Anyone who truly wants to solve the causes of the nightmare that is Syria today must look beyond the vicious and repressive regime of Assad or the opportunistic barbarism of ISIL. They need to understand why it was that hundreds of thousands of ruined farmers from Al-Hasakeh, Deir Ezzor and AL-Raqqa in the northeast of that country flocked to the cities in search of government assistance in the first place - only to find it did not exist.

Back in 2010 just after David Cameron became Prime Minister, the UN Food and Agriculture Organisation warned that, after the longest and most severe drought in Syria, since records began in 1900, 3 million Syrians were facing extreme poverty. In 2011 the International Institute for Strategic Studies published a report claiming that climate change “will increase the risks of resource shortages, mass migration and civil conflict”. These were some of the deep causes of the Syrian civil war just as they are the deep causes of the conflicts in Tunisia, South Sudan, Somalia, Libya and Egypt. So what about Cameron’s claim that his government has been working to solve them?

Two years after that Institute for Strategic Studies report pointed out that conflict as a result of  drought in countries like Ethiopia, Eritrea and Somalia had already claimed 600,000 lives,  the parliamentary Committee on Arms Export Controls found the UK Government had issued more than 3,000 export licenses for military and intelligence equipment worth a total of £12.3bn to countries which were on its own official list for human rights abuses; including to Libya, Tunisia, Somalia, Sudan, Egypt and Syria. That was the same year that UK aid to Africa was cut by 7.4% to just £3.4billion. Working to solve the root causes? Or working to fuel the ongoing conflict?

A year later in 2014 home office minister, James Brokenshire told the House of Commons that the government would no longer provide support to the Mare Nostrum operation that was estimated to have saved the lives of more than 150,000 refugees in the Mediterranean, because it was providing what the government called a “pull factor”. He said: “The government believes the most effective way to prevent refugees and migrants attempting this dangerous crossing, is to focus our attention on countries of origin and transit, as well as taking steps to fight the people smugglers who wilfully put lives at risk by packing migrants into unseaworthy boats.”

In fact the ending of the rescue operation did not reduce the number of refugees. It was not after all a “pull factor” but the push factor – what was happening in Syria - that proved most important. Earlier this summer, David Cameron indicated that he believed the UK should consider joining the United States in the bombing campaign against Isis in Syria, yet we know that for every refugee fleeing persecution under Assad, or the murderous thuggery of ISIS, there is another fleeing the bombing of their city by the United States in its attempt to degrade ISIS.  The bombing of one’s home is a powerful push factor.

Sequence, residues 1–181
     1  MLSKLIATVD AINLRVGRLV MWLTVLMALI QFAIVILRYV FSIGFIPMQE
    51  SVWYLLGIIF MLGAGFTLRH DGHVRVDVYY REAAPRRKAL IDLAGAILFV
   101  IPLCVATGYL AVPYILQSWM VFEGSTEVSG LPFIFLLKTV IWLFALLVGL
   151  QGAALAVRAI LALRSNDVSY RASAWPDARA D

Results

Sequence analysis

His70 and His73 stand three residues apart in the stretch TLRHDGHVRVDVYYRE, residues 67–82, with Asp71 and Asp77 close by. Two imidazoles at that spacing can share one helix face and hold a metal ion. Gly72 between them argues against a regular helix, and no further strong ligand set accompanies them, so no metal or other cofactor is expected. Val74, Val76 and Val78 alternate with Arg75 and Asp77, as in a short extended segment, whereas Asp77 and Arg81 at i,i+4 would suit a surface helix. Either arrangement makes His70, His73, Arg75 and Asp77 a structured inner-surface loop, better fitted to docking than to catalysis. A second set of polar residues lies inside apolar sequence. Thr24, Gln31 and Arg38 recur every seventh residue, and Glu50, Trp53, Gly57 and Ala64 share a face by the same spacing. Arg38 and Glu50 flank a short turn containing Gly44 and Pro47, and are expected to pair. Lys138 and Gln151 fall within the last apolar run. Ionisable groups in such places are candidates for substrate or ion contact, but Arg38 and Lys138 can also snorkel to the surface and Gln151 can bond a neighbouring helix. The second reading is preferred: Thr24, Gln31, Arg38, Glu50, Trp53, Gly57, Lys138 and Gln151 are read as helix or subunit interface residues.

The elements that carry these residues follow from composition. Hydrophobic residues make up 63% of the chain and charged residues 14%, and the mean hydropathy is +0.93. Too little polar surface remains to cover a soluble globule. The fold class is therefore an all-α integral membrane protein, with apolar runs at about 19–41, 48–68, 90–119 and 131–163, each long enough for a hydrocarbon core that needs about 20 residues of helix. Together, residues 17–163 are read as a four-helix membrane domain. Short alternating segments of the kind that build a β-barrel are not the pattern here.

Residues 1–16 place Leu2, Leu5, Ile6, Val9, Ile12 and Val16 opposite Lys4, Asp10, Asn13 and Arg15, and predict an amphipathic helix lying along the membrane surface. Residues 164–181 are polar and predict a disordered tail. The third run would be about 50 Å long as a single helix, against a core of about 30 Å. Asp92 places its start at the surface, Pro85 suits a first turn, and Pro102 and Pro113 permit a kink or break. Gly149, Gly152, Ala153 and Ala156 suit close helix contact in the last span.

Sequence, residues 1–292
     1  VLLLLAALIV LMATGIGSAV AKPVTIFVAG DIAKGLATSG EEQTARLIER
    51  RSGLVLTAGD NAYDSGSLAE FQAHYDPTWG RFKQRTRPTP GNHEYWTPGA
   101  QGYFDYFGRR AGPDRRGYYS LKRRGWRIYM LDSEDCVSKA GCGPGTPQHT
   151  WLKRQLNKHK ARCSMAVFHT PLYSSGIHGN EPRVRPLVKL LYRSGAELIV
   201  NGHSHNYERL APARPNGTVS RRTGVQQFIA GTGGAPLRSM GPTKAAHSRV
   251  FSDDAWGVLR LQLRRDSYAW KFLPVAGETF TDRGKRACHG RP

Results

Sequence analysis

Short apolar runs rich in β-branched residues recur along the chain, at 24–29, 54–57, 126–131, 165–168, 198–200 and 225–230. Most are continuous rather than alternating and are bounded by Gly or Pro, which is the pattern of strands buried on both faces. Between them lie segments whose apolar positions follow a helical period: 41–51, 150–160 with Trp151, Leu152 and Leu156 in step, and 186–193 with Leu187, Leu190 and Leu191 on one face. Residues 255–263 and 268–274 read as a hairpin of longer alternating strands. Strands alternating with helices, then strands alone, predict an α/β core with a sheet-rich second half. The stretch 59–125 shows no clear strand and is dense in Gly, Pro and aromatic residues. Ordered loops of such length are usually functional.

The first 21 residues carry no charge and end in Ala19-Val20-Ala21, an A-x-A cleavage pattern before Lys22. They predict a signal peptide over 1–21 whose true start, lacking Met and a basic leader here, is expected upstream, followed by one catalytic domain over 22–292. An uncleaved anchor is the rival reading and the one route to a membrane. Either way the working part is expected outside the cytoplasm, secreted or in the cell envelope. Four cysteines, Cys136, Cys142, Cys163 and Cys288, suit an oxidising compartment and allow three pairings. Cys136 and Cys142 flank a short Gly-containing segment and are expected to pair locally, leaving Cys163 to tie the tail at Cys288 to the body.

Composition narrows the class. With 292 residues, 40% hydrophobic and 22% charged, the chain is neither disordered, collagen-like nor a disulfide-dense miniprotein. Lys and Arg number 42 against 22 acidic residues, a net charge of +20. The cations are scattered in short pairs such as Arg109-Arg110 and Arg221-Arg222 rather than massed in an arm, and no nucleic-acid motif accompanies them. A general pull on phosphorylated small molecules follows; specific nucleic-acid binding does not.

The UK has not even fulfilled Brokenshire’s promise to fight the people smugglers. The Financial Action Task Force has reported that human trafficking generates proportionately fewer Suspicious Activity Reports (SARs) annually than other comparable crimes because the level of awareness is lower. Prosecuting the heads of the trafficking networks has not been a focus of government activity. Scarcely a dozen minor operatives pushing boats on the shores of Turkey have actually been arrested. But it is not the minnows that the UK government should be concentrating on. It is their bosses with a bank account in London where a series of remittances are coming in from money transfer businesses in Turkey or North Africa. Ministers should be putting real pressure on UK banks who should be registering SARs so the authorities can investigate and begin to prosecute the ultimate beneficiaries who are driving and orchestrating this human misery. They are not.

That image, which few of us will ever completely erase from our mind, will no doubt prompt David Cameron to make a renewed gesture. An extra million for refugee camps in Jordan, or perhaps a voluntary commitment to take a couple of thousand more refugees under a new European Quota scheme. But if the UK had been serious about tackling the causes of this crisis it had the opportunity in Addis Ababa in July this year at the Funding for Sustainable Development Conference. In fact it failed to bring forward new money for the very climate adaptation that could stem the flow of refugees. In Paris this December the world will try to reach agreement on combating the dangerous climate change that Syria and North Africa are already experiencing. Without agreement there, we in the rich world will have to get used to our trains being disrupted, our borders controls being breached and many more bodies being washed up on our beaches.